Legend of the Guardians: The Owls of Ga'hoole
COW Library : Cinematography : Alex Timbs : Legend of the Guardians: The Owls of Ga'hoole
Editor's Note: "Happy Feet" was Australia's first digital animated feature, and won the 2006 Academy Award(R) for Best Animated Feature. At the helm of production and visual effects? Melbourne's Animal Logic. Founded in 1991, they have been part of some of the most groundbreaking, visually rich pictures and television of our time, including "The Matrix," "Babe," "Farscape," "Moulin Rouge!" "The Thin Red Line," "House of Flying Daggers," and many more.
Just a few months after "Happy Feet" was released came another film that Animal Logic worked on, the stunning "300," directed by Zack Snyder, whose work also includes "Watchmen." On one level, it might have seemed odd for someone whose last couple of features were rated R for graphic violence, sex and language to take on a movie based on a popular series of children's books, "The Guardians of Ga'hoole." On closer examination, it was a remarkable fit: stories of an alliance to protect a kingdom, a group of "Pure Ones" whose leader wears a mask to conceal his battle scars, kidnapping, slavery, and the rise to honor in the midst of exceptionally bloody battles.
Oh yeah, and the Guardians of Ga'Hoole are owls. Now you know at least some of attracted Zack Snyder to what turns out to be not exactly a children's movie, and some of why he naturally turned to Animal Logic again, this time to make an all-CGI feature with the intensity and visual impact he required, released as "Legends of the Guardian: The Owls of Ga'hoole."
When we had a chance to speak with Alex Timbs, Animal Logic's head of IT, we suspected that Zack had very strong feelings about how to execute a vision that was certainly rooted in the books, but every bit as certainly, a world with Zack's stamp on it. Because a project of this scale typically takes three years from start to finish, we also suspected that Zack began working with Animal Logic very early on. Here's some of what Alex told us about the project, starting, it turns out, before the beginning.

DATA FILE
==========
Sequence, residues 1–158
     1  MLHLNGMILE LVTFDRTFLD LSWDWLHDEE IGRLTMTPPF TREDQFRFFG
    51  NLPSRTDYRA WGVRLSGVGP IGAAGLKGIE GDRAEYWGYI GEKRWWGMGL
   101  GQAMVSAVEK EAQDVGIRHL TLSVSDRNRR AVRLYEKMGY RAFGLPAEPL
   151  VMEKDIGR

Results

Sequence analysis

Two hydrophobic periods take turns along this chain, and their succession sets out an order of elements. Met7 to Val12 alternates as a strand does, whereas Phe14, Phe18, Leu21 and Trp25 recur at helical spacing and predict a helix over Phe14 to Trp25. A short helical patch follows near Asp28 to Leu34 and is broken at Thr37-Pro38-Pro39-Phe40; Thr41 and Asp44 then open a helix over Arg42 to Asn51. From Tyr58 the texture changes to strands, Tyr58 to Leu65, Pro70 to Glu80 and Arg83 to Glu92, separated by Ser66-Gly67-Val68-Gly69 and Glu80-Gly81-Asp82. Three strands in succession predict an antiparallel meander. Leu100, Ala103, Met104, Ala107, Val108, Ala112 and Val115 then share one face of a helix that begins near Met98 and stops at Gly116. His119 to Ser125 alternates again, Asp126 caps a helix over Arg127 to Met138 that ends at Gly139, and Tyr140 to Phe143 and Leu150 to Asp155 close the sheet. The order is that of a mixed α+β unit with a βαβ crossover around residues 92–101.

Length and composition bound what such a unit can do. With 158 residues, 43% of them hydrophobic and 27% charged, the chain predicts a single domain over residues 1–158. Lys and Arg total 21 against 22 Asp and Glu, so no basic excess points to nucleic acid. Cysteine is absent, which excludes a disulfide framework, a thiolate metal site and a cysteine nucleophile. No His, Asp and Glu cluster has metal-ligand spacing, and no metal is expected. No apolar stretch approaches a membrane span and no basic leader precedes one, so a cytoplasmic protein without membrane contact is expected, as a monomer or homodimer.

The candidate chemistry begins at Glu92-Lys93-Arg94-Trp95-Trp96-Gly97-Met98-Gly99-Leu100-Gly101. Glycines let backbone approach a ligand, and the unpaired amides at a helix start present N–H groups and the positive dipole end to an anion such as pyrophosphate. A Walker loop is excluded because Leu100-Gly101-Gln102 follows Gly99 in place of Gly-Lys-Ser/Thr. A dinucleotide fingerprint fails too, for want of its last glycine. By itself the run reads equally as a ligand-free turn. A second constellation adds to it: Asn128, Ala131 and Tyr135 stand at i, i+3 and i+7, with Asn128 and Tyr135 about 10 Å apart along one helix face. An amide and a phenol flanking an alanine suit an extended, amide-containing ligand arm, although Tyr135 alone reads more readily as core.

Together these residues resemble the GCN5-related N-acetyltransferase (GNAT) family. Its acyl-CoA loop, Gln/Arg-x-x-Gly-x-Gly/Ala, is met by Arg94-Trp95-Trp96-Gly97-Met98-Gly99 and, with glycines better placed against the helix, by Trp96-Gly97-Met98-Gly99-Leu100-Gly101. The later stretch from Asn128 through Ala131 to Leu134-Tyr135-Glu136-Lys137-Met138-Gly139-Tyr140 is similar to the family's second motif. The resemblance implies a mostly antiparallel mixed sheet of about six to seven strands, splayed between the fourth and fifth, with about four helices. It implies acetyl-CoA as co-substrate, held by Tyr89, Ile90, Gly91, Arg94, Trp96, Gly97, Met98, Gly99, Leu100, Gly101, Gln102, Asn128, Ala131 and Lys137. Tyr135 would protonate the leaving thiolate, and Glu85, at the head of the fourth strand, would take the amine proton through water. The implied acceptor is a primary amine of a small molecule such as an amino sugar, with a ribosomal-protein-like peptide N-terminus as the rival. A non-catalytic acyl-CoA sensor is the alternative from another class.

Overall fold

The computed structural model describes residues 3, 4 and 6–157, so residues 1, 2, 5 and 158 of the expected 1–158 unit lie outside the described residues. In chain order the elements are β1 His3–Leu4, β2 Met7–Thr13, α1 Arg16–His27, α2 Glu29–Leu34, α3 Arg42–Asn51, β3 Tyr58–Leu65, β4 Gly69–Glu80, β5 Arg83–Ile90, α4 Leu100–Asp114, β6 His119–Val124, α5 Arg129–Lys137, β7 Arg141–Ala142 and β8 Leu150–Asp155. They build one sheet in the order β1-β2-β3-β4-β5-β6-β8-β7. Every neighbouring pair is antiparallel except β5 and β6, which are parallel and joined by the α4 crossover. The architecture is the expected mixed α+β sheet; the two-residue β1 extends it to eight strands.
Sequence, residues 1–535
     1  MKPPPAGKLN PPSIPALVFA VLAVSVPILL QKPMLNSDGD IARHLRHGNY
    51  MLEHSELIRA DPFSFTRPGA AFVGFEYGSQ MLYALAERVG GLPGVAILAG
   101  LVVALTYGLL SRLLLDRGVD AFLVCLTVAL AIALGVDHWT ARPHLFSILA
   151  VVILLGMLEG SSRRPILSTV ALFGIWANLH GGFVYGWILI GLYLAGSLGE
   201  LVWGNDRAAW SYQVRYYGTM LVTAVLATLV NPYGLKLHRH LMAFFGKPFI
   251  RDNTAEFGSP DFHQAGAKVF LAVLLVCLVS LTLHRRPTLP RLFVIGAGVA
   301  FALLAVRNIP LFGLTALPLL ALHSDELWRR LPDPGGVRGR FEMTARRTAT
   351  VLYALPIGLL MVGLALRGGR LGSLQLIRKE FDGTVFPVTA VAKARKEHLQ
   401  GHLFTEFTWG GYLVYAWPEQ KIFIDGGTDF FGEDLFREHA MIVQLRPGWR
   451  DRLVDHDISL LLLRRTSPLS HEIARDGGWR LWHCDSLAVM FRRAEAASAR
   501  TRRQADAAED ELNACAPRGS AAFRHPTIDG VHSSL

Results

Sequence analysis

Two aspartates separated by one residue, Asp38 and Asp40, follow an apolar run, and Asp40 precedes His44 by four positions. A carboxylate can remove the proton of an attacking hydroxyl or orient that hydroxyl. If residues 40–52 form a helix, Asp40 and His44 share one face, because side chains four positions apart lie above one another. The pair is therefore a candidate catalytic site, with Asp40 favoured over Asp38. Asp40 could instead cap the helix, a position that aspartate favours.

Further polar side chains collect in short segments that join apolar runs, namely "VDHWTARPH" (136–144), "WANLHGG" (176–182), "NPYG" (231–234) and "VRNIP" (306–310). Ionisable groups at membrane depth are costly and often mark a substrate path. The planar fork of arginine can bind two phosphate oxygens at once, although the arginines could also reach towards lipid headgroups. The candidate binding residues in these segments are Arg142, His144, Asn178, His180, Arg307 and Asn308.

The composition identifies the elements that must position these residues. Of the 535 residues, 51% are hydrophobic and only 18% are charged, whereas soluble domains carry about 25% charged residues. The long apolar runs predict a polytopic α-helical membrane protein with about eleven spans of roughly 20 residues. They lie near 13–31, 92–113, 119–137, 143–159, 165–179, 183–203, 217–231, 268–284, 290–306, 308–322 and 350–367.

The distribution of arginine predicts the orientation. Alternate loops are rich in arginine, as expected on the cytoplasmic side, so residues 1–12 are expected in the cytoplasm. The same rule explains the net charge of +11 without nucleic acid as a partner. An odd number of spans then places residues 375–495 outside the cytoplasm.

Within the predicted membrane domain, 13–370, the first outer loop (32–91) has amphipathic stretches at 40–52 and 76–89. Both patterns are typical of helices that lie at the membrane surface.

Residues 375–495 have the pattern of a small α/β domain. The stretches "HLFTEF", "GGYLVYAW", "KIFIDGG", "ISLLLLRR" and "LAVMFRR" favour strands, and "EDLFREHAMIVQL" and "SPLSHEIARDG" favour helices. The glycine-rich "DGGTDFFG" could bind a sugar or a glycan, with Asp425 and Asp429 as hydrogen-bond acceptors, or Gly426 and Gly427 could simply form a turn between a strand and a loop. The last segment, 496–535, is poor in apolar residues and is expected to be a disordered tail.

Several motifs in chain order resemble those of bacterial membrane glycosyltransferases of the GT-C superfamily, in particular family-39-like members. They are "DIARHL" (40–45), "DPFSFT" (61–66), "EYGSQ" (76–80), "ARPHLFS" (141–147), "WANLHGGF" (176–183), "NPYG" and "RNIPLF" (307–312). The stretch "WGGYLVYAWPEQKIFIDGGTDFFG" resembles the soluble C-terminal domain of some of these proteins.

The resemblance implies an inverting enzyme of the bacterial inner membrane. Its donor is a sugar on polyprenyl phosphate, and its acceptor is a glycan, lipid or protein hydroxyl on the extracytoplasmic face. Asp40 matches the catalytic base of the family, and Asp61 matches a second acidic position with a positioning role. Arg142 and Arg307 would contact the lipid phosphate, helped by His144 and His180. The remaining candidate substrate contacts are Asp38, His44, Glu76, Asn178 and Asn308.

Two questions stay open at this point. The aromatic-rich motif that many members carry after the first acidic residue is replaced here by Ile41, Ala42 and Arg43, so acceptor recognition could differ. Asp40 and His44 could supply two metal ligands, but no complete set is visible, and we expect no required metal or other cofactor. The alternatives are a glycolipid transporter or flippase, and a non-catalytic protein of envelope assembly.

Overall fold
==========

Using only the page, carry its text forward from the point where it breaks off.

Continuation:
At Animal Logic, we come in very early in the process, even before a project gets greenlit, at the point the project is being quoted. We start by determining the cost to deliver a single seat -- the facilities to support that artist, the food, environmental control, desks, telephones, etc. There were about 400 people working at the peak of production for "Legends of the Guardian," with nearly a third of those people hired specifically for this project.
As things get greenlit, we begin working with productions to come up with very rough render and storage estimates, to at least get a stake in the ground. We then review what sort of infrastructure we have available at the time, a) whether you've got the capacity, b) whether you've got the processing power, and based on whatever you already have available, what you're going to need to add. Even whether you've got the right models or brands of products to address that specific production.
It turns out that there is significant infrastructure churn to keep running at the capacity and performance required to get the images out the door. Over the course of a three-year production, you're refreshing your entire render farm, or a large portion of it, and potentially replacing your entire storage after each project as you ramp up for the next one. Each project almost carries its own storage and render budget.
You know the old rule about doubling processing power every 18 months? We're going through a period where we've seen big improvements in individual machine processing power, much MORE than double every 18 months. Because of multi-core technology, and being able to pack more, faster cores in a given box, processing power is going up exponentially. Of course, we're seeing production requirements go up exponentially too, especially on "Legends of the Guardian." Even from very early on in the piece, we could see that we were going to have to advance technology trying to meet the demands of the graphics in some of these Zack Snyder signature pieces -- not only in effects rendering, but also just for editorial.
Director Zack Snyder, (photo by Simon Cardwell).
For example, he has these amazing speed-ups, where he might speed up the action 1000 times, or slow down 1000 times, while he's wrapping the camera around a character. That was putting unreasonable demands on the disk system that we had in place at that time -- which was reasonably new. We bought it for this production, a SAN designed to support up to 10 editorial seats at once, but we found that a single editor could cripple the entire network because of the enormous demands being placed on it. We used a combination of workflow changes and configuration optimization to the SAN for this particular problem. Things like, "Okay, if the director wants to see this shot a thousand times bigger, you guys are going to have to render it first before we can look at it," because they were trying to look at it immediately, and you can imagine what this did to the disk system. Rendering was constant of course, just about any codec you can think of, just about any resolution. We somewhat jokingly call ourselves the world's largest proxy farm! We generated 30 or 40 different codecs in many different sizes, depending on the part of the workflow we're talking about. In editorial, we were mostly working in 720p, but sizes might be as small as 320 for proxies in the asset management system, all the way up to 2K uncompressed DPX files.
The goal was to optimize data so that we weren't sending huge uncompressed data where it was not needed.
(L-R) Kludd, voiced by Ryan Kwanten and Nyra, voiced by Helen Mirren.